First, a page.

Tech UPTechnologyThis is the artificial intelligence that paints pictures just...

This is the artificial intelligence that paints pictures just like Rembrandt or Van Gogh

In 2019, a painting created by artificial intelligence , inspired by thousands of portraits painted between the 14th and 20th centuries, sold for nearly $500,000 at auction. A few months earlier, students at a prestigious music conservatory had great difficulty differentiating the musical notes of Johann Sebastian Bach from those created by an algorithm called Kulitta, which had been programmed to mimic the famous composer’s style. Even multinational company IBM got in on the fun and tasked its Watson artificial intelligence system with analyzing 9,000 recipes to devise its own culinary ideas.

An algorithm without the creativity of humans

But many experts, as well as ordinary people, wonder if these artificial intelligences really are creativity. Although sophisticated in their mimicry, these creative artificial intelligences are unable to create something new from scratch, as they lack the ability to incorporate new influences from their environment.

This is what happens to DeepArt, an algorithm that is capable of reproducing works of art by renowned painters such as Rembrandt or Van Gogh with pinpoint accuracy. DeepArt has been programmed to imitate the style of these giants of pictorial art by simply storing a huge amount of data that ranges from color to the depth of each brushstroke. The result is paintings that could fool even an expert, as the style is virtually indistinguishable.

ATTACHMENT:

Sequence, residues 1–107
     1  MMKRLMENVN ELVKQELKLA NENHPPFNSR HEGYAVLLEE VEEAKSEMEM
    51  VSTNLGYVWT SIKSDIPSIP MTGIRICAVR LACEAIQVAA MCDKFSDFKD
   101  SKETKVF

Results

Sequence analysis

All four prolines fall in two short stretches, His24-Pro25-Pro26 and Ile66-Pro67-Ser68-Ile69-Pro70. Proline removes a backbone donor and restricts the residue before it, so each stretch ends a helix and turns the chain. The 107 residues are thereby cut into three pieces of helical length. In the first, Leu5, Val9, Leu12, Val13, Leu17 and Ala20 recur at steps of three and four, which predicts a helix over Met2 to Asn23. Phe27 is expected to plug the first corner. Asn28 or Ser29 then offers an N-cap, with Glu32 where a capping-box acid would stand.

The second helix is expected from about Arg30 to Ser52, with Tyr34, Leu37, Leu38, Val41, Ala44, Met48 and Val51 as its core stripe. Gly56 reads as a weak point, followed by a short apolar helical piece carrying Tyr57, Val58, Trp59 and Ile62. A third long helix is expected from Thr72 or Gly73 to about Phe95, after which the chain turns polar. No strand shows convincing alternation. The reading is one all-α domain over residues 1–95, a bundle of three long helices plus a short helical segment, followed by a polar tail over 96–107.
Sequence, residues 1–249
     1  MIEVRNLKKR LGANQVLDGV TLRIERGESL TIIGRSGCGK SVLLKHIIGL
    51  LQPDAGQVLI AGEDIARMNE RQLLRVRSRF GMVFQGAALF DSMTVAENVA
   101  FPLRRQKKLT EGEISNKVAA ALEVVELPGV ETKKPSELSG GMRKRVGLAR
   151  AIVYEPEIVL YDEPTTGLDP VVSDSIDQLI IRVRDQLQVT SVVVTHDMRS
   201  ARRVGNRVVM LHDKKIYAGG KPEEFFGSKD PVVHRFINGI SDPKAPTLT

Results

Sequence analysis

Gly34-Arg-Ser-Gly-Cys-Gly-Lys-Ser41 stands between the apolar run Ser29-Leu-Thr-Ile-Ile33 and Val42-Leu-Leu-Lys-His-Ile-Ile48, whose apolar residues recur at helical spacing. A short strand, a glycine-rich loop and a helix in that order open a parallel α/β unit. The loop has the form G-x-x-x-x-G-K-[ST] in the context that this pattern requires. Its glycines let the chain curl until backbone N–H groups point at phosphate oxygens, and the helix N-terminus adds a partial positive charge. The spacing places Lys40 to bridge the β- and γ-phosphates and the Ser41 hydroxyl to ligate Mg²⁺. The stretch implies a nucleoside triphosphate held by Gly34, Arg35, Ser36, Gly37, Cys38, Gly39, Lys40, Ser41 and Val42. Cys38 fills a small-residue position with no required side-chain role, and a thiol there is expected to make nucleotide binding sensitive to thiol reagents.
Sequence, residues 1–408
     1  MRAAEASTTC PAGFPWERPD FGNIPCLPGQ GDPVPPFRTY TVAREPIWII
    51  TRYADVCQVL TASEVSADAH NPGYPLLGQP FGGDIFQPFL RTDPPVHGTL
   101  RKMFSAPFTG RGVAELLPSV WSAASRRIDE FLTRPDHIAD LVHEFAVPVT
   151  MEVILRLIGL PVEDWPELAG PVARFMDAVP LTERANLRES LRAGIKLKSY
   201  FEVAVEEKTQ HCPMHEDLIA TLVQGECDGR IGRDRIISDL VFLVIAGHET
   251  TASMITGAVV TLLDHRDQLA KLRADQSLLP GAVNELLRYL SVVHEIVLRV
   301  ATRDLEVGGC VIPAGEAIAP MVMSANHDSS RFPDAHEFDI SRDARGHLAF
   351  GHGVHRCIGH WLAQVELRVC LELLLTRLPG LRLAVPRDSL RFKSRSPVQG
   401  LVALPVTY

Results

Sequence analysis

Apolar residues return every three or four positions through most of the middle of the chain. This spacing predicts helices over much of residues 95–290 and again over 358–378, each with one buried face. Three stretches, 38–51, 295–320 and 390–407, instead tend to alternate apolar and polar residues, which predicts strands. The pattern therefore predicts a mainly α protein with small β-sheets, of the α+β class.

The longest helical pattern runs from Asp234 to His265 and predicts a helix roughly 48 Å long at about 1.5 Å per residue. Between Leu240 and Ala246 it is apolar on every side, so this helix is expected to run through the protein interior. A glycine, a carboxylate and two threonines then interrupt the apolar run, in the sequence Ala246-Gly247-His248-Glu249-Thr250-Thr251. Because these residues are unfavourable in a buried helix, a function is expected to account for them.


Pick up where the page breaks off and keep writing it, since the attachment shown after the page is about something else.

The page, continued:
It’s not art, just imitation

True creativity is a search for originality. It is a recombination of disparate ideas in new ways. They are unexpected solutions. It can be music, painting or dance, but also the flash of inspiration that helps to invent things like light bulbs, airplanes or the periodic table.

In just the last few years, creative AIs have expanded into the invention of style, authorship that is individualized rather than imitative and that projects meaning and intentionality even if it doesn’t exist. However, it is not enough to create something that imitates an original work, but when something is created it must have meaning and authenticity, something that a machine can never do. That an algorithm paints imitating Picasso is not art , since the work lacks intention, everything is robotic.

If an artificial intelligence lacks the self-awareness to reflect on its actions and experiences, and to communicate its creative intent, is it really creative? Or is the creativity only in the author who fed the machine with data?

Ultimately, despite the fact that there are more and more machines that imitate human procedures, none have yet been able to think for themselves. Seventy years ago, Alan Turing, sometimes described as the father of artificial intelligence, was already thinking of self-aware robots, but for now that is still science fiction.


University of London / College Research Centre Massachussets.

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